The EEOC’s New Workplace Approach: Sue First and Sort Out Later

You could say 2013 was a very good year for the Equal Employment Opportunity Commission.

Its enforcement collections for victims of workplace discrimination totaled $372.1 million for Fiscal Year 2013, an all-time high for the record books. Altogether, the agency’s FY 2013 Performance and Accountability Report makes for some fascinating reading.

Despite the fact that the total number of claims was down from the three previous years and there were fewer resolutions, agency lawyers were able to squeeze more money out of each claim that did settle. The agency also reports it has reduced its total claim processing time by 21 days, so it now takes an average of 261 days for a claim to make its way through to final resolution.

EEOC now focusing on smaller employers

The final thing worth noting in the report – and about which small employers should take heed – is the EEOC’s affirmation of its new strategic direction, which aims less at very large employers in favor of going after the little guys – and by that we mean, potentially, YOUR company.

In reviewing the agency’s FY 2013 results, it confirms the general impression among employers nationwide that the EEOC is getting mighty aggressive in pursuing discrimination claims wherever they appear. Its approach has been to “sue first, and sort out later.”

EEOC discrimination chartWithout meaning to diminish the value to society and individuals of preventing workplace discrimination, it makes me nervous when an agency such as this starts feeling its oats and flexing its muscles.

The whole issue of criminal background checks shows how far their reach can go with this new air of confidence.

States are pushing back

Recently, the EEOC restated its previous guidance on hiring individuals with criminal records, limiting the use of criminal background check information in hiring for private and public sector employers. This didn’t sit well with state governments.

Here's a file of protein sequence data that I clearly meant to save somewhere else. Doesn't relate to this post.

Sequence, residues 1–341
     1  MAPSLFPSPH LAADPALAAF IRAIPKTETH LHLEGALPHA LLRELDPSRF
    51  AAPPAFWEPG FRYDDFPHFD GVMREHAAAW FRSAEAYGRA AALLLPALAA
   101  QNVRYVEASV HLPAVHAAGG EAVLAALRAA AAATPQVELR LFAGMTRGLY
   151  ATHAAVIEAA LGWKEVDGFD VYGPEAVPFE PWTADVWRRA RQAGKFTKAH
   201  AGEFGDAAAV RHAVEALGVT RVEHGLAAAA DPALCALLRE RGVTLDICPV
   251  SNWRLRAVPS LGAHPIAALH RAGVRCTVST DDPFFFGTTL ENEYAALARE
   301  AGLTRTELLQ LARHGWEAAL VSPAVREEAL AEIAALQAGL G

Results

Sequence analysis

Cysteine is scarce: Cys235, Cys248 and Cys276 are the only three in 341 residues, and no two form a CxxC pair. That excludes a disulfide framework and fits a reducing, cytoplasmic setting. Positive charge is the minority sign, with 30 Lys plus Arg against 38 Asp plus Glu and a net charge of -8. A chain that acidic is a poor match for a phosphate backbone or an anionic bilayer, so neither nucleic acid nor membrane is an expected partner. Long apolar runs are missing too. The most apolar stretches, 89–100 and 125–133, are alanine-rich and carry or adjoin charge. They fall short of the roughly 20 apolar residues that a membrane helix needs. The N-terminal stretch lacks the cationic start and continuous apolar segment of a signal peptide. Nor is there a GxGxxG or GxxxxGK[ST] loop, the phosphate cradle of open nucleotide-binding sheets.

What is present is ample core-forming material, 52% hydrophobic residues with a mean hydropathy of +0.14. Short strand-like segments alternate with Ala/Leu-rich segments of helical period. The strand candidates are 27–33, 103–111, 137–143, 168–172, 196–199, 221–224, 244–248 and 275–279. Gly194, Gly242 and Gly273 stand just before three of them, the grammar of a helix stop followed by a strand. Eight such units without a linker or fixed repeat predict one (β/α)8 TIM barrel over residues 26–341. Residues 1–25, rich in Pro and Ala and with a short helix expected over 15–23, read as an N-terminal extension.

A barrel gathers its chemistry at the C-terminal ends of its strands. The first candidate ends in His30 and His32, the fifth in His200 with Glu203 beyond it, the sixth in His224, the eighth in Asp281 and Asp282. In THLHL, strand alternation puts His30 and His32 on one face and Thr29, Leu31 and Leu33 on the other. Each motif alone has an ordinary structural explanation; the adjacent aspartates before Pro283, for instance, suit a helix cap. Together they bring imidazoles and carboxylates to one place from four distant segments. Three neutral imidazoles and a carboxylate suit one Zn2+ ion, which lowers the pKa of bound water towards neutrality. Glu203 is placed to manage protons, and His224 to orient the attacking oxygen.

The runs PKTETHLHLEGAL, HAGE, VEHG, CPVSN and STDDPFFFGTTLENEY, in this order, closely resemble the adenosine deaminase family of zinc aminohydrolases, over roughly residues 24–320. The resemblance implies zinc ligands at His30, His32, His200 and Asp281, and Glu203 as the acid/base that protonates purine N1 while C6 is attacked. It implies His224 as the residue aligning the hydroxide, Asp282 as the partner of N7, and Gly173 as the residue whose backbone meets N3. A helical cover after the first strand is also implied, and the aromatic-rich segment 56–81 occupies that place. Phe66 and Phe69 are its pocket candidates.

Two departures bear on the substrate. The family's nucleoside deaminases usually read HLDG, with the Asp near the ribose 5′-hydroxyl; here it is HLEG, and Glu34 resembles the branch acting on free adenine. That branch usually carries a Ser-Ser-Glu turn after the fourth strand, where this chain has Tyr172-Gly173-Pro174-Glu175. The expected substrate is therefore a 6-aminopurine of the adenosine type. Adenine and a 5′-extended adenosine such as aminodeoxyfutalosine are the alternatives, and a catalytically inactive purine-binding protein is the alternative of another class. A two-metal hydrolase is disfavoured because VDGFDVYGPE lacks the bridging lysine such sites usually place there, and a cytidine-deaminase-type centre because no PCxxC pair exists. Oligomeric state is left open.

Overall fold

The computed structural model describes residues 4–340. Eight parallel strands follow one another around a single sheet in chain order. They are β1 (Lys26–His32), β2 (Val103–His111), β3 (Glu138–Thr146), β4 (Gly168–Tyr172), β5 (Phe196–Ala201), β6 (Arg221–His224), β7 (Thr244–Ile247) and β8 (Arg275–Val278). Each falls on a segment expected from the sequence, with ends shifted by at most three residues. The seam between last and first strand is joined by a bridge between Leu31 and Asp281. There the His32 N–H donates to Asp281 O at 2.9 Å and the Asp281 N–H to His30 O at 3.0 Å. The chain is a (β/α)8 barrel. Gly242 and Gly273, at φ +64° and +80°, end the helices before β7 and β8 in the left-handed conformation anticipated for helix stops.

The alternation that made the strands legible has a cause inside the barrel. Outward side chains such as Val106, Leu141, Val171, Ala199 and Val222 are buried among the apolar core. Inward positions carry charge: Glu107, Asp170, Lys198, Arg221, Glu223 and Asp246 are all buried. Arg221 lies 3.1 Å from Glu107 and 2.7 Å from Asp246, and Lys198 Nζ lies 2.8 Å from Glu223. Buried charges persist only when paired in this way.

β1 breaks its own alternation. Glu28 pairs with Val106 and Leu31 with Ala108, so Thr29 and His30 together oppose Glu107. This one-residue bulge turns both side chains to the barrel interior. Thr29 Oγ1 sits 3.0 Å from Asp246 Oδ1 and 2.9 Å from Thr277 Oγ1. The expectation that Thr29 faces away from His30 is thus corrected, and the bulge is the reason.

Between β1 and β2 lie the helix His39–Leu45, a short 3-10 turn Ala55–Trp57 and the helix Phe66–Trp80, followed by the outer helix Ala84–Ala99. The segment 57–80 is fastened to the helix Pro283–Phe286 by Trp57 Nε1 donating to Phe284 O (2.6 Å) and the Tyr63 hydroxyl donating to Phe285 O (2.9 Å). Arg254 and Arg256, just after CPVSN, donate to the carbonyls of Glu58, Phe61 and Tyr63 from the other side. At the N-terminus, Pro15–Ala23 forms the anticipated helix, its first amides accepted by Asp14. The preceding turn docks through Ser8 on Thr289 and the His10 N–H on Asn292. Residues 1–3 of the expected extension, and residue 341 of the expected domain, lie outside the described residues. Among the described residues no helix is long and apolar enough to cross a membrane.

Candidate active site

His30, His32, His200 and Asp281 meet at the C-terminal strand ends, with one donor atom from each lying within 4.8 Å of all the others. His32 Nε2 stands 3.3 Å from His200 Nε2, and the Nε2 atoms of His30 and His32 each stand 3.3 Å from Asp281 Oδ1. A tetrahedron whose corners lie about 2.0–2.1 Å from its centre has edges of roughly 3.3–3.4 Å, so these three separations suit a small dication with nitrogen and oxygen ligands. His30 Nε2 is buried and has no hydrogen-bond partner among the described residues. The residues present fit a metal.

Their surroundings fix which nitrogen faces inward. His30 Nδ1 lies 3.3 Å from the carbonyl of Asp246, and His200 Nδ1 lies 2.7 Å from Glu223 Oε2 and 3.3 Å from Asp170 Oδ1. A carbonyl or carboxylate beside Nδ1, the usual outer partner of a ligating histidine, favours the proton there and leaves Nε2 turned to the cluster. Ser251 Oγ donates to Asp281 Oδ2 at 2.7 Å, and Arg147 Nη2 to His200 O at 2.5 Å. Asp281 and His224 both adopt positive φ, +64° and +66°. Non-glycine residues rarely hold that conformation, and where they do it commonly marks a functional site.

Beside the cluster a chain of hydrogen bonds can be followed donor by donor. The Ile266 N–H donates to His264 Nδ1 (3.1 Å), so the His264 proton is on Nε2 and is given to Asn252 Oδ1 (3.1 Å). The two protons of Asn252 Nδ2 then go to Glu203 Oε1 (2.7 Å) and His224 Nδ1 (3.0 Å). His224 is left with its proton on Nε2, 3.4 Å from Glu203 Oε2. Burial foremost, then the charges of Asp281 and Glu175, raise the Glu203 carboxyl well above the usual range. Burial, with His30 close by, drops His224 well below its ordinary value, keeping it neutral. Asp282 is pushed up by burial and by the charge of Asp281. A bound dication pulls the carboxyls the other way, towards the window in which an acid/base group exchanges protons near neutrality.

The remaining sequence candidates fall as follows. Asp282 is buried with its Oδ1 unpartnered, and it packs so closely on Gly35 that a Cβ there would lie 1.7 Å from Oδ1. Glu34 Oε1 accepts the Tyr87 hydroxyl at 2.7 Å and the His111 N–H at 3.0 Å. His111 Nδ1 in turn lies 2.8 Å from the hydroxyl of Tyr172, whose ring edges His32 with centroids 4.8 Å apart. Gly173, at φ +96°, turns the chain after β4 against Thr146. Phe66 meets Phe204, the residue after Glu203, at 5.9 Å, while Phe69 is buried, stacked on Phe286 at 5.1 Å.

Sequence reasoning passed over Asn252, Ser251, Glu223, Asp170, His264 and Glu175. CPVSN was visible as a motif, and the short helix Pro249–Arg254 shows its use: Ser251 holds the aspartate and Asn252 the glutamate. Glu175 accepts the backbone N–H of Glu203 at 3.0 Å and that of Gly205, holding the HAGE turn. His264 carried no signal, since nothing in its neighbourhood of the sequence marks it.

Nine state attorneys general wrote a complaint to the EEOC, and the State of Texas filed suit against them. Texas says the EEOC’s actions requires employers in the state to hire felons, and tramples on the state’s sovereign right to determine eligibility for critical state hires such as teachers, law enforcement officers and those who work with the elderly.

The EEOC did not dramatically change its guidance other than add emphasis; the real change is in enforcement activity.

Can you withstand an EEOC audit?

Here at GeniusHR, we’ve had a little research project going that involved looking at EEOC enforcement patterns. There appear to be significant differences in enforcement priorities based on the types of actions reported by the EEOC at the local office level.

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These patterns may see changes based on the Strategic Enforcement Plan for FY 2013-2016. The ongoing effects of the Plan and Guidance can be seen in Office of Federal Contract Compliance Programs directive, DIR 2013-02, which incorporates the EEOC guidance and gives new direction to employment offices and employers.

Employers of any size and level should review the EEOC Guidance and Strategic Plan looking at its effects on their operations, and make sure they can withstand an audit.

This originally appeared on the GeniusHR blog.